Deep brain stimulation (DBS) is a procedure as mysterious as its name. The delicate surgery requires drilling through a patient’s skull and inserting a slender electrode, or “lead,” into the brain along with an extension wire connected to a neurostimulator (a battery source implanted near the collarbone that sends electrical signals to the lead). The effect of DBS is to block malfunctioning circuits in the brain, though exactly how that happens remains unknown. What we do know is that, for thousands of patients with Parkinson’s disease, epilepsy, dystonia, tremor, and other neurological disorders, the procedure has been life changing.
Few people have witnessed the effects of DBS more intimately than Kathryn L. Holloway, a professor at Virginia Commonwealth University School of Medicine and chief of neurosurgery at the Hunter Holmes McGuire V.A. Medical Center in Richmond. Holloway CCAS’80 has performed hundreds of the procedures but still thrills at their effect on patients. “I can make a big difference in someone’s life on pretty much a daily basis,” she says, “and that’s really rewarding.”
The daughter of a builder, Holloway had an inclination for tinkering that drew her to medicine. She expected to follow two of her siblings into nursing—largely because she didn’t think she could afford medical school—but a chemistry instructor at the Camden College of Arts and Sciences assured her that if she got into medical school, financial aid would be forthcoming. “I credit her with making me a neurosurgeon,” Holloway says.
Her pioneering work has quite literally changed the face of DBS. Until recently, the procedure required that the patient wear a stereotactic frame—a bulky metal “halo” bolted to the skull that impairs vision and motion and is secured to the surgical table—for the length of the operation, which can take up to eight hours. Given that patients are awake for a large portion of that time, the frame, which Holloway likens to “a medieval torture device,” led to claustrophobia and significant discomfort. So Holloway, working with a group of like-minded professionals, devised a method of performing DBS without the frame, using instead five small bone screws and a palm-sized disposable guidance device. “The greatest advantage for patients,” she says, “is that they don’t know or care about the screws because they can’t see them.”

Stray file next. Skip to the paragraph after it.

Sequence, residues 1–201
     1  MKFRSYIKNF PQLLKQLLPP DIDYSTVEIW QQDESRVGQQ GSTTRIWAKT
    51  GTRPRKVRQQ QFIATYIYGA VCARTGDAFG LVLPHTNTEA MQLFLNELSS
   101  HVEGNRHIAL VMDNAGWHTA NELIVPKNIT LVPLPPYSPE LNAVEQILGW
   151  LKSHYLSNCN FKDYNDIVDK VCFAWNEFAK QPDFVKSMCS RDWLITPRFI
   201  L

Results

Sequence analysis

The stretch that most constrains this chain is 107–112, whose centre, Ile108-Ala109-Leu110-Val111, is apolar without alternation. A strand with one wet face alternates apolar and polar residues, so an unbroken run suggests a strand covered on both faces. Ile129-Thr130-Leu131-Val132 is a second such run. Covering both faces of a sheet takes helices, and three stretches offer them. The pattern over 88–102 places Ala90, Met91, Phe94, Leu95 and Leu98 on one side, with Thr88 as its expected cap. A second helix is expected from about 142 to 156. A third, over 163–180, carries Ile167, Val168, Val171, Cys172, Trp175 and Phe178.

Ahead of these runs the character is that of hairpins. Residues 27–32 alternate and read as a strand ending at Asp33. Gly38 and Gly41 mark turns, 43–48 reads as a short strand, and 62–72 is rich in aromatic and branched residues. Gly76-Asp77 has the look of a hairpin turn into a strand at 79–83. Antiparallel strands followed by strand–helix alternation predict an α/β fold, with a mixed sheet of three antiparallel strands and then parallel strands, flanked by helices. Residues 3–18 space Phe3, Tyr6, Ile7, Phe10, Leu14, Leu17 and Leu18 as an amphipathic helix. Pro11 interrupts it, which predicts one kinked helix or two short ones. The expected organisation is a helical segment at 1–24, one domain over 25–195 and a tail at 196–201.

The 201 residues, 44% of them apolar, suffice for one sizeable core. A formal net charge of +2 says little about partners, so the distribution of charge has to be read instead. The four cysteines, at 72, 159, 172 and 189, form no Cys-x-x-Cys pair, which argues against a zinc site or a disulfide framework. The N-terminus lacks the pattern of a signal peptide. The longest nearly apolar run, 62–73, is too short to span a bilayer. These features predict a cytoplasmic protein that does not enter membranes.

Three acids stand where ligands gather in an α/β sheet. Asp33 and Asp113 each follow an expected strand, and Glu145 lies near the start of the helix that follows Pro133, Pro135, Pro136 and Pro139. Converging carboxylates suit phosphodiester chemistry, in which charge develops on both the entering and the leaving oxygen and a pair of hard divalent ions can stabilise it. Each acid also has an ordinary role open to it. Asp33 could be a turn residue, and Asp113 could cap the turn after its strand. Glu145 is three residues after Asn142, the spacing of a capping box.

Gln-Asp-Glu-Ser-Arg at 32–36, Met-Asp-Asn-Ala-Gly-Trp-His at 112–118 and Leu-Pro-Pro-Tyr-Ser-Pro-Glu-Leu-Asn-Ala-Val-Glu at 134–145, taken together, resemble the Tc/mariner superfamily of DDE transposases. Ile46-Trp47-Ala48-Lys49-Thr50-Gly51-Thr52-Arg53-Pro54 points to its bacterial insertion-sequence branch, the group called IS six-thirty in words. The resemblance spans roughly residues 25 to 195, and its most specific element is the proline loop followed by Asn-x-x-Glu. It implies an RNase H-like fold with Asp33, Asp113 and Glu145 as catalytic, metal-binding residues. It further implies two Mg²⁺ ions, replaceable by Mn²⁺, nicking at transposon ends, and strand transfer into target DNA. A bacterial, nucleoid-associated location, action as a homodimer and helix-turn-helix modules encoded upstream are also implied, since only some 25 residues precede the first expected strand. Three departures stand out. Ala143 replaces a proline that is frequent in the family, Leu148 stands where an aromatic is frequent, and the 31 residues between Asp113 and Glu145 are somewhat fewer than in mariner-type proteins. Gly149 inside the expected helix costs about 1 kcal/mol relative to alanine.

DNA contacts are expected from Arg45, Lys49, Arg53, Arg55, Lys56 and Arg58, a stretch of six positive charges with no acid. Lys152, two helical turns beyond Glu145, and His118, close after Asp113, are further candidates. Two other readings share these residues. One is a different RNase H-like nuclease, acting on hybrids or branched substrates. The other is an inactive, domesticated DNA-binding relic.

She envisions a day when DBS will be widely used for a broad spectrum of maladies, including tinnitus, obesity, anorexia, addiction, and schizophrenia. She is currently involved in research on applying DBS to treat recalcitrant depression. Speaking like a true tinkerer, she says, “These are all diseases in which you don’t see anything wrong with the brain, but the circuits are functioning poorly. You just have to figure out the circuits, and then you can fix the problem.”
(This story is excerpted from “5 Star Alumni” in the Spring 2012 issue of Rutgers Magazine.)